Las Vegas’ Palms resort to reopen night before NFL draft

Cynthia Kiser Murphey, general manager of the Palms, outside the casino in Las Vegas, Monday, A ...

The doors of the off-Strip Palms resort will reopen the evening of April 27, and the new owners, the San Manuel Band of Mission Indians, started taking reservations on Monday for hotel stays beginning April 28.

The 766-room property, which has some high-end suites with bowling lanes and basketball courts, has been shuttered since March 17, 2020, when Gov. Steve Sisolak ordered all resorts in Nevada closed as a measure to reduce the spread of the COVID-19 virus.

A fireworks celebration will take place on opening night. Tribal members also plan a ceremonial observance at the opening.

“We look forward to introducing our guests to our rich history, culture and signature hospitality,” said San Manuel Gaming and Hospitality Authority Chairwoman Latisha Casas. “We can’t wait to make history together.”

Ownership changed hands

When it closed, the Palms was owned and operated by Red Rock Resorts subsidiary Station Casinos Inc., but in May it sold the resort to the tribe for $650 million.

In September, the tribe announced the hiring of longtime MGM Resorts International executive Cynthia Kiser Murphey as general manager. Nevada’s gaming regulators approved licensing for the tribe and executives in December.

Since then, Murphey has been working to hire staff to prepare for a spring opening.

In an interview with the Review-Journal, Murphey said it was coincidental that the property is opening just before one of the biggest special events in Las Vegas history — the 2022 National Football League Draft. The Palms is just up the block from the center of the major draft events.

“We know it’s more challenging to open when it’s really, really busy,” Murphey said. “I think the most important thing for us was to get people back to work. We balanced knowing that the draft was going to be in town against the idea that we really needed to get open.”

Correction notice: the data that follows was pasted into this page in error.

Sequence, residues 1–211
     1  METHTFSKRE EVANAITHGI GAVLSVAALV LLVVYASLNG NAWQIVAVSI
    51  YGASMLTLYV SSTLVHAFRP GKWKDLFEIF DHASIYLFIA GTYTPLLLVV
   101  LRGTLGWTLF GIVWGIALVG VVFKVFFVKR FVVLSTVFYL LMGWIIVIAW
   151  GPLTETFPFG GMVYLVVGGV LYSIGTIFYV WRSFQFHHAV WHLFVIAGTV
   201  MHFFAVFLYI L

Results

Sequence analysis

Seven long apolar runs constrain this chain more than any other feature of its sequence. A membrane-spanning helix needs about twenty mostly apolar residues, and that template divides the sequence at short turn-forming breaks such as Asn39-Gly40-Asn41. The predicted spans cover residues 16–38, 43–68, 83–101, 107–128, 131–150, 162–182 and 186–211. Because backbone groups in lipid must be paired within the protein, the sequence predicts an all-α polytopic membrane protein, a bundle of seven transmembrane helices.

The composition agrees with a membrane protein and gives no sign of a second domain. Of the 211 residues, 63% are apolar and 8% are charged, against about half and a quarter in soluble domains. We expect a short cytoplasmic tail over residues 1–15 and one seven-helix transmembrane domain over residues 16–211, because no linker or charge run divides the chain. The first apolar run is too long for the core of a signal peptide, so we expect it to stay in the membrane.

Having undergone more than a $600 million renovation in 2019, the Palms reopens with a diverse mix of bars and restaurants, featuring the return of Scotch 80 Prime and Mabel’s BBQ by Chef Michael Symon.

Casual dining options will include Send Noodles and the debut of Serrano Vista Cafe.

Big pool area

The resort will offer guests a pool area featuring a multilevel, sprawling 73,000-square-foot space offering two main pools and 39 unique cabanas, most with their own private pool. The space also features oversized daybeds and poolside lounge chairs. Additional information regarding spa, food and beverage, entertainment, pool and nightlife offerings will be announced later.

When the property opens later this month it will become the first Las Vegas resort fully operated by a tribal enterprise. The casino at Virgin Hotels Las Vegas is operated by the Mohegan Sun Tribe of Connecticut, but other services are overseen by different entities.

The San Manuel Gaming and Hospitality Authority, a government offshoot of the tribe, runs the casino enterprise, which includes Palms as well as one of the nation’s largest casino-resorts, the Yaamava’, in Highland, California.

The tribe’s database of customers is expected to be tapped to draw players from Southern California.

But Murphey said the Palms will continue its hybrid model of marketing, catering both to Southern Nevada residents as well as Southern Californians wanting a Vegas experience.